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Multiple Word Conditional?

 [1/8] from: rsnell::webtrends::com at: 16-Nov-2000 9:33

Given three mutually exclusive refinements in a function (or just three words in a script), what is the best way to perform the conditional? one: false two: false three: true Of course we can do: either one [print "1"] [either two [print "2"][print "3"]] but this gets ugly for more than three words and I thought that someone recently posted a trick using 'any that made this simpler and more readable. Can't find it though. Any suggestions? Thanks, Rodney

 [2/8] from: larry:ecotope at: 16-Nov-2000 9:59

Hi Rodney One nice way to do this is:
>> one: false
== false
>> two: false
== false
>> three: true
== true
>> >> any [all [one print "1"] all [two print "2"] all [three print "3"]]
3 Notice that ANY and ALL can return the values of any expression as well as just true and false. BTW, the construct above has the same functionality as a COND in Scheme or Lisp. HTH -Larry

 [3/8] from: joel:neely:fedex at: 16-Nov-2000 12:57

Hi, Rodney, I believe it was Gabriele... (Credit where credit is due, and all that...) [rebol-bounce--rebol--com] wrote:
> Given three mutually exclusive refinements in a function > (or just three words in a script), what is the best way
<<quoted lines omitted: 9>>
> though. Any suggestions? >> one: two: not three: true == false
any [ if one [print "1"] if two [print "2"] if three [print "3"] ] 3
-jn- -- ; Joel Neely [joel--neely--fedex--com] 901-263-4460 38017/HKA/9677 REBOL [] foreach [order string] sort/skip reduce [ true "!" false head reverse "rekcah" none "REBOL " prin "Just " "another " ] 2 [prin string] print ""

 [4/8] from: rsnell:webtrends at: 16-Nov-2000 11:30

Thanks a lot Joel, Larry (and Gabriele!). Excuse me for being obtuse here but I'm having a little trouble understanding it what is going on. The help for 'any says "evaluates and returns the first value that is not false or none". But this means that the if statements (if one [print "1"]) must evaluate and become a value. However if I try to obtain that value: v: if one [print "1"] I get a script error indicating that the (if...) does not return a value. How does 'any know that one of the (if...)'s were taken if they don't return a value? TIA, Rodney

 [5/8] from: rebol:techscribe at: 16-Nov-2000 15:16

Hi Rodney if returns none if the condition is false, otherwise if's body is evaluated and the result of evaluatiing the final expression in this block is returned (if any). I,.e
>> if false [ "ok" ]
== none
>> if true ["ok"]
== "ok"
>> if true [] >>
In the last scenario the block did not return a value, and therefore there was no return value for this expression. In summary, an if expression is only guaranteed to return a value if it fails, namely the value none. If the condition evaluates to true, then the result is determined by the expression contained in the block. The word any evaluates the sequentially evalutes the expressions contained in its block as long as the the expressions evaluate to false logic value. (or the block is exhausted). Caution: If I generalize your example
>either one [print "1"] [either two [print "2"][print "3"]]
then you want the expressions associated with two (or three) to be evaluated only if the condition for the first expression fails. But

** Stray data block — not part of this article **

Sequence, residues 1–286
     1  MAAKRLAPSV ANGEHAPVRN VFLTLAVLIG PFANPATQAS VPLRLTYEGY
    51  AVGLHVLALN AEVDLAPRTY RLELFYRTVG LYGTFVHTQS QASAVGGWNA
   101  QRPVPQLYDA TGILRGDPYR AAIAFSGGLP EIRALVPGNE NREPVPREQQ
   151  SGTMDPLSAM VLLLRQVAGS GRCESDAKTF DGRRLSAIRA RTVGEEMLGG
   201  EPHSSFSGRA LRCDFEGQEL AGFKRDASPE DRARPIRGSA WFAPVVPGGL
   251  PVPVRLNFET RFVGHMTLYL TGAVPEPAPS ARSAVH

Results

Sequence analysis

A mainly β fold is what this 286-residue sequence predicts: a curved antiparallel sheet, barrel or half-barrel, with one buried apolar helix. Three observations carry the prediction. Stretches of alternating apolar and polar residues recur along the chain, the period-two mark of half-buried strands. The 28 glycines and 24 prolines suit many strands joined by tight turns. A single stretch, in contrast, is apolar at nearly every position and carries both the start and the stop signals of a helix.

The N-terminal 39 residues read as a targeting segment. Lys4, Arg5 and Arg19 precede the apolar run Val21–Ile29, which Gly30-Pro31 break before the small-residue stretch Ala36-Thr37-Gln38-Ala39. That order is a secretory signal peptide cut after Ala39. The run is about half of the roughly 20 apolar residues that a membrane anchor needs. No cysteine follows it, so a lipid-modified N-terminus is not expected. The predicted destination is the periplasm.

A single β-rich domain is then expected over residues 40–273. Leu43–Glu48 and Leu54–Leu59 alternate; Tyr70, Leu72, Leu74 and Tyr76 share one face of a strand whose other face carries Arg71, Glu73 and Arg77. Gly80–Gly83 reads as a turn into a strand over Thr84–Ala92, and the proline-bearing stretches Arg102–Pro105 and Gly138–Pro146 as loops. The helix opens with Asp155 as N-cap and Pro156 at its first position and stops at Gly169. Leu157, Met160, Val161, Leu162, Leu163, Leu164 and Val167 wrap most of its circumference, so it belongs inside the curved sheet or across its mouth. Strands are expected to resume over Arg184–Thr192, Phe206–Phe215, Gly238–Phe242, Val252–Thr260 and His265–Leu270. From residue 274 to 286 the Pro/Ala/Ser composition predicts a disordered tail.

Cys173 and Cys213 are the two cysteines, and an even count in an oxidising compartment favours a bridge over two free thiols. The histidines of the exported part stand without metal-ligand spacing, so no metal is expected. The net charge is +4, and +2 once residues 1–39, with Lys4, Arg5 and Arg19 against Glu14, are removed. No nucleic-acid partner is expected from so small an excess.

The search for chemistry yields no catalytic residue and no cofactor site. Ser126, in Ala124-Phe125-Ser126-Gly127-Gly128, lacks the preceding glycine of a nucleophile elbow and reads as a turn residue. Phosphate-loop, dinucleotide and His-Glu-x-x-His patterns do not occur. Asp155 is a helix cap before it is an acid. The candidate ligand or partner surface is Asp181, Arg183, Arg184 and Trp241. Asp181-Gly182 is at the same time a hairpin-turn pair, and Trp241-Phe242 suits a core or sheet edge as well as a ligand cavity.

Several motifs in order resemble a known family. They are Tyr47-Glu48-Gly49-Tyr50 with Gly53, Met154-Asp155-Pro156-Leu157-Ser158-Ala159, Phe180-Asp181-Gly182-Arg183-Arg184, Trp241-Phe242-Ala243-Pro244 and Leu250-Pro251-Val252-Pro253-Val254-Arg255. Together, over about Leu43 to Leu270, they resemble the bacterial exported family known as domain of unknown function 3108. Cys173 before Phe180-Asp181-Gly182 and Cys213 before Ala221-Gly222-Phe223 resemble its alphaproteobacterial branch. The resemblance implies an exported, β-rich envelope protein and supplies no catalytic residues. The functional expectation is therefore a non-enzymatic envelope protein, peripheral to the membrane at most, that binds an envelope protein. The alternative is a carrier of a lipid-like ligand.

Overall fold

>> amy [ if condition-1 [expression-1] if condition-2 [expression-2 ]
] is not identical to
>> either condition-1 [expression-1] [ if condition-2 [expression-2] ]
In the case of any, if expression -1 evaluates to a logical false value then condition-2 will be tested, even though condition-1 evaluated to true. Using either, however, expression-2 will only be evaluated if condition-1 failed and condition-2 succeeds.
>> if true [false]
== false
>> any [ if true [false] if true [print "second expression"]
== second expression. In the either case the "second expression" string will not be printed.
>> either true [false] [print "second expression"]
== false In short any: expression-2 will be evaluated in two cases: (1) condition-1 fails and condition-2 succeeds. (2) condition-1 succeeds, expression-1 returns a logical false value, and condition-2 succeeds. either: expression-2 will be evaluated only in case (1) condition-1 fails and condition-2 succeeds. There is no second case here. That's a subtle difference that may cause some headscratching, if you don't account for it in your algorithm. Hope this helps, Elan

 [6/8] from: chaz:innocent at: 19-Nov-2000 0:24

any is pretty cool! That does help! factorial: func [num][ fact: func [n a][ any [ all [lesser? n 0 print "I don't know"] all [switch n [0 1 a]] all [fact subtract n 1 multiply n a] ] ] fact num 1 ] chaz At 09:59 AM 11/16/00 -0800, you wrote:

 [7/8] from: al:bri:xtra at: 19-Nov-2000 21:53

Chaz wrote:
> factorial: func [num][ > fact: func [n a][
<<quoted lines omitted: 6>>
> fact num 1 > ]
This can be better written as: Factorial!: make object! [ Fact: func [n a] [ any [ all [lesser? n 0 print "I don't know"] all [switch n [0 1 a]] all [fact subtract n 1 multiply n a] ] ] set 'Factorial func [num][ Fact Num 1 ] ] Note that Fact is only defined once, in the 'Factorial! object, rather than every time 'Factorial is executed. I hope that helps! Andrew Martin Objective Rebol... ICQ: 26227169

 [8/8] from: g:santilli:tiscalinet:it at: 17-Nov-2000 11:38

Rodney Snell wrote:
> Of course we can do: > > either one [print "1"] [either two [print "2"][print "3"]]
print any [ if one ["1"] if two ["2"] if three ["3"] "4" ; default ] Keep in mind that ANY returns the first value found that is different from NONE or FALSE; IF returns NONE if the condition isn't met, else returns the result of evaluating the body block. HTH, Gabriele. -- Gabriele Santilli <[giesse--writeme--com]> - Amigan - REBOL programmer Amiga Group Italia sez. L'Aquila --

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